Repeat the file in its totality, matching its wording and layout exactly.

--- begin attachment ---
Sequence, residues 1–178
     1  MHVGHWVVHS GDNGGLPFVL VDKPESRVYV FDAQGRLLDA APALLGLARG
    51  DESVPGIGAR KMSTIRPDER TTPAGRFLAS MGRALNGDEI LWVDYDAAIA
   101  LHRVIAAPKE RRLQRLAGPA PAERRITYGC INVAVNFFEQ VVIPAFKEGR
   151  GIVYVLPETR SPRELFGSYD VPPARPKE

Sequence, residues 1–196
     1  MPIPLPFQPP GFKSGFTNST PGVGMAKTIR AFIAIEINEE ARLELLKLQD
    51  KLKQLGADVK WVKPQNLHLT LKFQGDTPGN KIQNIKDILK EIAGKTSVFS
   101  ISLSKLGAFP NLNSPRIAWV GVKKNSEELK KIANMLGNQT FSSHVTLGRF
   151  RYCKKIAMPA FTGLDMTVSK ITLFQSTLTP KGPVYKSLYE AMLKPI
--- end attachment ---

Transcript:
Sequence, residues 1–178
     1  MHVGHWVVHS GDNGGLPFVL VDKPESRVYV FDAQGRLLDA APALLGLARG
    51  DESVPGIGAR KMSTIRPDER TTPAGRFLAS MGRALNGDEI LWVDYDAAIA
   101  LHRVIAAPKE RRLQRLAGPA PAERRITYGC INVAVNFFEQ VVIPAFKEGR
   151  GIVYVLPETR SPRELFGSYD VPPARPKE

Sequence, residues 1–196
     1  MPIPLPFQPP GFKSGFTNST PGVGMAKTIR AFIAIEINEE ARLELLKLQD
    51  KLKQLGADVK WVKPQNLHLT LKFQGDTPGN KIQNIKDILK EIAGKTSVFS
   101  ISLSKLGAFP NLNSPRIAWV GVKKNSEELK KIANMLGNQT FSSHVTLGRF
   151  RYCKKIAMPA FTGLDMTVSK ITLFQSTLTP KGPVYKSLYE AMLKPI